Trying to Buy a New gTLD? Here's What You Need to Know

What’s in a name? More specifically, what’s in a domain name? Up until recently, most domain names ended with .com, .net, .org, or .edu, and they still do, actually — for now. But with the Internet Corporation for Assigned Names and Numbers, or ICANN’s decision to create over 1,300 new extensions over the next few years, the landscape is about to change drastically.

Dubbed generic top level domains, or gTLDs, the new category will expand the possibilities for domain names from just a handful of top level domains (TLDs) and country code top level domains (ccTLDs) to literally thousands of extensions, or “strings.” In other words, the Internet just added a whole lot of new real estate.

Kinds of Extensions

Already, since October of 2013, 471 new gTLDs have been introduced into the Internet’s authoritative database, or Root Zone. What categories of extensions are there? Everything. With more being added regularly, it is difficult to list all of them, but here is a general breakdown with a few examples:

  1. Obvious – .technology, .directory, .legal, .money
  2. Services – .vet, .contractors, .actor, .consulting, .events
  3. Cities – .nyc, .london, .vegas, .paris, .berlin
  4. Industries – .construction, .clothing, .energy, .healthcare, .travel

So What’s in a Name?

With all of the possibilities, big trademark holders like Samsung and Cartier get a clean slate to claim a lot of new territory (.samsung and .cartier are two of the new gTLDs). As each domain is released, trademark holders who register their TMs with ICANN get first dibs during the domain’s “sunrise” period — at premium pricing, of course. You could see domains like,, and if the big trademark holders decide to play along.

After the sunrise period, comes the land rush, or priority registration period, where prospective domain buyers can bid for domains through an auction process, or even buy them outright at premium pricing (GTLDs can run in the tens of thousands of dollars, depending on demand). And while you can pre-register for a domain at a registrar, it does not guarantee you that domain name. The owner of the domain is decided upon which registrar gets to the end first once the domain becomes available to the general public, typically around 10 a.m. CST on a specified date.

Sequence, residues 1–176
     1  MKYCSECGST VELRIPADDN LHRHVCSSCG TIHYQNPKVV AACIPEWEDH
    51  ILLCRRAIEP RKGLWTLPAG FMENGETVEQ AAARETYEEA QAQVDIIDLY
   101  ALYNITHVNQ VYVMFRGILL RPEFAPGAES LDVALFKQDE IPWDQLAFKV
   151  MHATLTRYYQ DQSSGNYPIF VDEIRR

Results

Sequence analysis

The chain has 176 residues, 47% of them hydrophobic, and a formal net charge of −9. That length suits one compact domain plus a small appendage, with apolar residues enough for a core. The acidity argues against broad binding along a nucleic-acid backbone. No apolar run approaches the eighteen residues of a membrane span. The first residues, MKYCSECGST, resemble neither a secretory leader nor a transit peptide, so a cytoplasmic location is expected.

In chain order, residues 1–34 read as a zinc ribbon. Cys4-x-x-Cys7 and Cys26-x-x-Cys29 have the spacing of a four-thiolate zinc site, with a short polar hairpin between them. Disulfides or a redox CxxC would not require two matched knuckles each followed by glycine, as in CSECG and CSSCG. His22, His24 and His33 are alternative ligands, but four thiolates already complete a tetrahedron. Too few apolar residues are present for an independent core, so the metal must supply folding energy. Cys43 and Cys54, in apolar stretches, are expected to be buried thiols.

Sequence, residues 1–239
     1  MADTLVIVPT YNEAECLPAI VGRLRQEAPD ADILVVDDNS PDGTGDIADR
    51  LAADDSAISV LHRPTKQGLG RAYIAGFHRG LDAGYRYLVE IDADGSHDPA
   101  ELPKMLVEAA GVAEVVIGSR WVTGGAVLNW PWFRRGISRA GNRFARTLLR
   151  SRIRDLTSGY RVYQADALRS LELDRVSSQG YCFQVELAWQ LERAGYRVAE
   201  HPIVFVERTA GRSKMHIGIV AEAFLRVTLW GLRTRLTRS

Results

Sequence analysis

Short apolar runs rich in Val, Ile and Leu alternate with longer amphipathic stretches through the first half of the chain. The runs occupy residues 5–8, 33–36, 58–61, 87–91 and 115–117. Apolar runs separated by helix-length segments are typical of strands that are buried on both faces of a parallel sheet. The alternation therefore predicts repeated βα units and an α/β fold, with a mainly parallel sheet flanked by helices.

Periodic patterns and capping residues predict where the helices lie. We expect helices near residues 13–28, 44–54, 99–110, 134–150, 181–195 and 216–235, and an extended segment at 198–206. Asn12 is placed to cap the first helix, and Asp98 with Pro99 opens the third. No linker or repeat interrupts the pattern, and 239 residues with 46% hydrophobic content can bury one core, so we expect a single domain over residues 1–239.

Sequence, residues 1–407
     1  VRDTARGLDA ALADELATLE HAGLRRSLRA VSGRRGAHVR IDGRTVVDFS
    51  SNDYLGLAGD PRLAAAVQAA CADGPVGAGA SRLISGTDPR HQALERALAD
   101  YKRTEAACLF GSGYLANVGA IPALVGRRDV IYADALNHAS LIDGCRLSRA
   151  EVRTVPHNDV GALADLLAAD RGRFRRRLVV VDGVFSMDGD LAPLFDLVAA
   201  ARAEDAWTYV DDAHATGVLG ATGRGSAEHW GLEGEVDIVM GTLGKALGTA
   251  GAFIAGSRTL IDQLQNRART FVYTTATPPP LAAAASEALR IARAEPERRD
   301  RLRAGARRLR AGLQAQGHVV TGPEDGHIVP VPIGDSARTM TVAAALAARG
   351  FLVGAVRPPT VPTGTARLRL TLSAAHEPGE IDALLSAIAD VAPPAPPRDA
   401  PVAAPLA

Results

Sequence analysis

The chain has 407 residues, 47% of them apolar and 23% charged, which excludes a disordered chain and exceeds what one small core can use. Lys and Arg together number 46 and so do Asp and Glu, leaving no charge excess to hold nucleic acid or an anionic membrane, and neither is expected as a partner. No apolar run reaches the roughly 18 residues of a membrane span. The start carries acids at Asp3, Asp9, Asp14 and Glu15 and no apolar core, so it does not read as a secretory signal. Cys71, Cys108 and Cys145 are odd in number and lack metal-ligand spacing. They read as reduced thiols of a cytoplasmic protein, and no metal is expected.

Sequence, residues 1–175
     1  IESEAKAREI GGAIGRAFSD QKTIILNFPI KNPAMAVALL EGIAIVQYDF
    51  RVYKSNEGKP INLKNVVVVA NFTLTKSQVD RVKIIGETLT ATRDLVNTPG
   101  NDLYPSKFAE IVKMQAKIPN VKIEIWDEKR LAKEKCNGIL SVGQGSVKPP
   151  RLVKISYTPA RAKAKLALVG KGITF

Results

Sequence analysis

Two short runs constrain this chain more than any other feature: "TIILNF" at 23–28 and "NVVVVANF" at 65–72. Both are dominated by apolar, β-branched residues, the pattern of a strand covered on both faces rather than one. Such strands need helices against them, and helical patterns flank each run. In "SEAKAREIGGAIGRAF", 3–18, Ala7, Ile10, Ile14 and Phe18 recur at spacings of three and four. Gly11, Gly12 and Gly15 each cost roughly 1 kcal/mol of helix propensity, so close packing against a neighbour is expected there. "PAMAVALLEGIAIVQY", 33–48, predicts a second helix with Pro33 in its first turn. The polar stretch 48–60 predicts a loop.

Should I Get a gTLD?

That depends. There are some advantages, in that with a little creativity you can come up with a dynamic new URL for your business that hasn’t been taken, as so many of the .coms have been, such as,, or It also helps to have the dot separating your keywords, which wouldn’t otherwise be separated in a normal URL. Instead of, you could have, or even

But beware! Anyone shelling out top dollar for a new gTLD thinking it’s going to buy them premium ranking on Google is wasting their money. Google’s Head of Webspam Matt Cutts has assured the public on more than one occasion that gTLDs will not rank any differently than .coms. And with some of the new gTLDs running as much as $400 a year on top of their initial cost, that can be a pricey mistake to make if you’re not buying it for any other reason than to boost SEO.

Where Do I Get a gTLD?

When it comes to registering a gTLD, the process is a whole lot more complicated than with the TLDs. Not every registrar will show every domain available. The best bet is to check the ICANN website to see what is being delegated and when, and then shop around with the various registrars and see who’s offering it and for how much. Prices vary from one registrar to the next, both for initial purchase and subsequent yearly registration, so it’s worth checking them all.

For anyone who’s ever been frustrated by the process of having to plug in numerous variations on a desired domain only to find them all taken, this new turn of events offers a whole new world of possibilities and unexplored territory. For start-ups, it’s likely to be a decided benefit. For those with an established web presence, however, it’s probably not worth changing over to a new